Radical Indian politician calls for Hindu suicide bombers to target Muslims
By Ramola Talwar-Badam
MUMBAI, India – A radical right-wing Indian politician called on Hindus to form suicide bomber squads and attack Muslim neighborhoods – a threat promptly condemned by political friends and foes alike.
Bal Thackeray, a Hindu extremist linked to past waves of mob violence in the western state of Maharashtra, has long advocated attacks against Muslims. He said suicide bombers, along with bombs planted in Muslim neighborhoods, were needed "to protect the nation and all Hindus."
"Islamic terrorism is on the rise. To combat this, Hindu terrorism must be created of similar strength," Thackeray wrote in an editorial published Wednesday in Saamna, the newspaper of his Shiv Sena party. The editorial was unsigned, but his party said Thackerary wrote it.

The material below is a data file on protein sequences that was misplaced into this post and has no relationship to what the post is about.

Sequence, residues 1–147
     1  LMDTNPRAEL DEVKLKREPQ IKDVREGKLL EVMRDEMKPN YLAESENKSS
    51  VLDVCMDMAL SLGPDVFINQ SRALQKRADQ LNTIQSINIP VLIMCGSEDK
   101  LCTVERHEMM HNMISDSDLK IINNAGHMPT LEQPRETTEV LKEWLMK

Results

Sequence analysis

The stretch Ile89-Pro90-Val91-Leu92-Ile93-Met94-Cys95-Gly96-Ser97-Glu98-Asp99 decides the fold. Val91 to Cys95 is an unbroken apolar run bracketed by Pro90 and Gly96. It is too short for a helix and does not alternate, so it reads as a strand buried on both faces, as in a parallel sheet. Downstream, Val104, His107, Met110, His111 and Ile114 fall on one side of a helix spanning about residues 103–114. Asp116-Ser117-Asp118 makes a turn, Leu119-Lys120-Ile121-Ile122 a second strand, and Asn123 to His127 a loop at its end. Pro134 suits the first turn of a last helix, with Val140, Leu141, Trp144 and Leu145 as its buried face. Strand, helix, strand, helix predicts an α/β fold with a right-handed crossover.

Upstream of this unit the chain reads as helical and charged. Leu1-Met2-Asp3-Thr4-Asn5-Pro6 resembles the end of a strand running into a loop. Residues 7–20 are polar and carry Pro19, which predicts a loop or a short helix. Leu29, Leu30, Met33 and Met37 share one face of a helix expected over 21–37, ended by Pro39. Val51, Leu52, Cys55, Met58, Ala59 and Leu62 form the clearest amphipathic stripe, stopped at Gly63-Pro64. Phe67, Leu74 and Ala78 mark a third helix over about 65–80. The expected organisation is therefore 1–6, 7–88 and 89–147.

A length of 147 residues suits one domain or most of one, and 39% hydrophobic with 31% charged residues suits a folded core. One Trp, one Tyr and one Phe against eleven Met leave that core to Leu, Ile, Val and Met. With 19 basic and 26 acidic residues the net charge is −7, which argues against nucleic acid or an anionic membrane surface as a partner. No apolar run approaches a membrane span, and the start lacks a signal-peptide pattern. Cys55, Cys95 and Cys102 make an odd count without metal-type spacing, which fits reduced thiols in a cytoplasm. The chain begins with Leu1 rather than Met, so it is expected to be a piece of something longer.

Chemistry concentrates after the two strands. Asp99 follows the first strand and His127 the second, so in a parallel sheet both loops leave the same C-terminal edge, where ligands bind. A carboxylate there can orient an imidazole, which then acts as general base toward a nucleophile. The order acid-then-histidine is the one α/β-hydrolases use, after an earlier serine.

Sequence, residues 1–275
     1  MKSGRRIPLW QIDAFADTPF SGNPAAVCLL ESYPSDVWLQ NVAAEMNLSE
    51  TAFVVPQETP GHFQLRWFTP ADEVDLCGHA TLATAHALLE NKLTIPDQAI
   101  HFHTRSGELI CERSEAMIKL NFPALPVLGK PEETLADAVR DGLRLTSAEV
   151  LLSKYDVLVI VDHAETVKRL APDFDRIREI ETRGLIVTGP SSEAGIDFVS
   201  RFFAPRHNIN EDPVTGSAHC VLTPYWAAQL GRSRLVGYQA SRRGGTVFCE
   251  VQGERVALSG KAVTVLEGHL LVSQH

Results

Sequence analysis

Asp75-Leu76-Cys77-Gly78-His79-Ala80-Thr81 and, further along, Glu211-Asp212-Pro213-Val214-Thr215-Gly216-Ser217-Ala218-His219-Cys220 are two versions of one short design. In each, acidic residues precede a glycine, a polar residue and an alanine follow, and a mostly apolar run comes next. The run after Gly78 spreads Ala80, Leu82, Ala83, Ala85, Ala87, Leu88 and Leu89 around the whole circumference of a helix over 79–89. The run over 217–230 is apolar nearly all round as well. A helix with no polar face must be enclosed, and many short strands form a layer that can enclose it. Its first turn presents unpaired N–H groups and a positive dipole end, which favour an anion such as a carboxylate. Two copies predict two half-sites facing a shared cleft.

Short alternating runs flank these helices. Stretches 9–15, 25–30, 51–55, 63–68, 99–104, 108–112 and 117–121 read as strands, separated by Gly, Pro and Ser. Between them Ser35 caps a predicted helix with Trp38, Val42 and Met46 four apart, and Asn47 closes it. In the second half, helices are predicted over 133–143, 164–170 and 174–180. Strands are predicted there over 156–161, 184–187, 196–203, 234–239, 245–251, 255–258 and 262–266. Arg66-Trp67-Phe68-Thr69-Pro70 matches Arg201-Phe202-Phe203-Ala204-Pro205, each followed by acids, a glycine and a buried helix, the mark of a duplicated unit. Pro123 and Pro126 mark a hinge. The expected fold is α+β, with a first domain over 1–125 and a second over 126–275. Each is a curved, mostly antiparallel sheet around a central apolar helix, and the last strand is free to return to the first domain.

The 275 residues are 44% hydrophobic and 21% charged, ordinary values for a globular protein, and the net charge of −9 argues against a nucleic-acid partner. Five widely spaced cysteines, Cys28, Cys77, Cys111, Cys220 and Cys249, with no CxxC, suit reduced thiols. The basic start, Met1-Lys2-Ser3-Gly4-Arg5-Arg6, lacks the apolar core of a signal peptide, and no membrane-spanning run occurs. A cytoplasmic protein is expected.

"Hindu suicide squads must be built," he wrote. "Only then will Hindus survive."
Whether Thackerary was sincere or just trying to grab attention was impossible to tell.
His influence in Mumbai, his longtime power base, has been waning for years, but he still commands hordes of violent followers. He has been arrested twice for inflammatory speeches and writing, and officials said Thursday they were considering arresting him for a third time.
The Shiv Sena – which means Shiva's Army – is among the most extreme of India's Hindu political parties and held power in Mumbai from 1995 to 2000.
Indian authorities have blamed Islamic extremists for a spate of bombings that have killed hundreds of people in the predominantly Hindu country of 1.1 billion people in the past three years.
Thackeray's editorial was promptly condemned by politicians from across the political spectrum, including India's leading Hindu nationalist party, the Bharatiya Janata Party, which has long-standing ties with Shiv Sena.
"People should not take law into their hands," BJP Vice President Venkaiah Naidu was quoted as saying by the Hindustan Times newspaper. "There are democratic methods to address the problem of terrorism."
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